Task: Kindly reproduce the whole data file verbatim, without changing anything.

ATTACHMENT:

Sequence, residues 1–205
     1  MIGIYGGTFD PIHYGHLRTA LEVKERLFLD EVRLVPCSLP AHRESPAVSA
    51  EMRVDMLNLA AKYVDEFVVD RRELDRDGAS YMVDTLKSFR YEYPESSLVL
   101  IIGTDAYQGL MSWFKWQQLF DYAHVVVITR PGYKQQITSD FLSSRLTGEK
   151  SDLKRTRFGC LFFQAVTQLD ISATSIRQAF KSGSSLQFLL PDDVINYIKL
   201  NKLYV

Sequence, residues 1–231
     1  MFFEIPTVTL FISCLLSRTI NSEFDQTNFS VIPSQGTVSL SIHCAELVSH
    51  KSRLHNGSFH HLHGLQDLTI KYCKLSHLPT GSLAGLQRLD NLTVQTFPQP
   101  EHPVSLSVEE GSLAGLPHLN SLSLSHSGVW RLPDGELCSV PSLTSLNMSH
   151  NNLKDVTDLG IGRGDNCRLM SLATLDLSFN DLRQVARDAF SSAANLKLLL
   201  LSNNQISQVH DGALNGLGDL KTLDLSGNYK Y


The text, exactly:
Sequence, residues 1–205
     1  MIGIYGGTFD PIHYGHLRTA LEVKERLFLD EVRLVPCSLP AHRESPAVSA
    51  EMRVDMLNLA AKYVDEFVVD RRELDRDGAS YMVDTLKSFR YEYPESSLVL
   101  IIGTDAYQGL MSWFKWQQLF DYAHVVVITR PGYKQQITSD FLSSRLTGEK
   151  SDLKRTRFGC LFFQAVTQLD ISATSIRQAF KSGSSLQFLL PDDVINYIKL
   201  NKLYV

Sequence, residues 1–231
     1  MFFEIPTVTL FISCLLSRTI NSEFDQTNFS VIPSQGTVSL SIHCAELVSH
    51  KSRLHNGSFH HLHGLQDLTI KYCKLSHLPT GSLAGLQRLD NLTVQTFPQP
   101  EHPVSLSVEE GSLAGLPHLN SLSLSHSGVW RLPDGELCSV PSLTSLNMSH
   151  NNLKDVTDLG IGRGDNCRLM SLATLDLSFN DLRQVARDAF SSAANLKLLL
   201  LSNNQISQVH DGALNGLGDL KTLDLSGNYK Y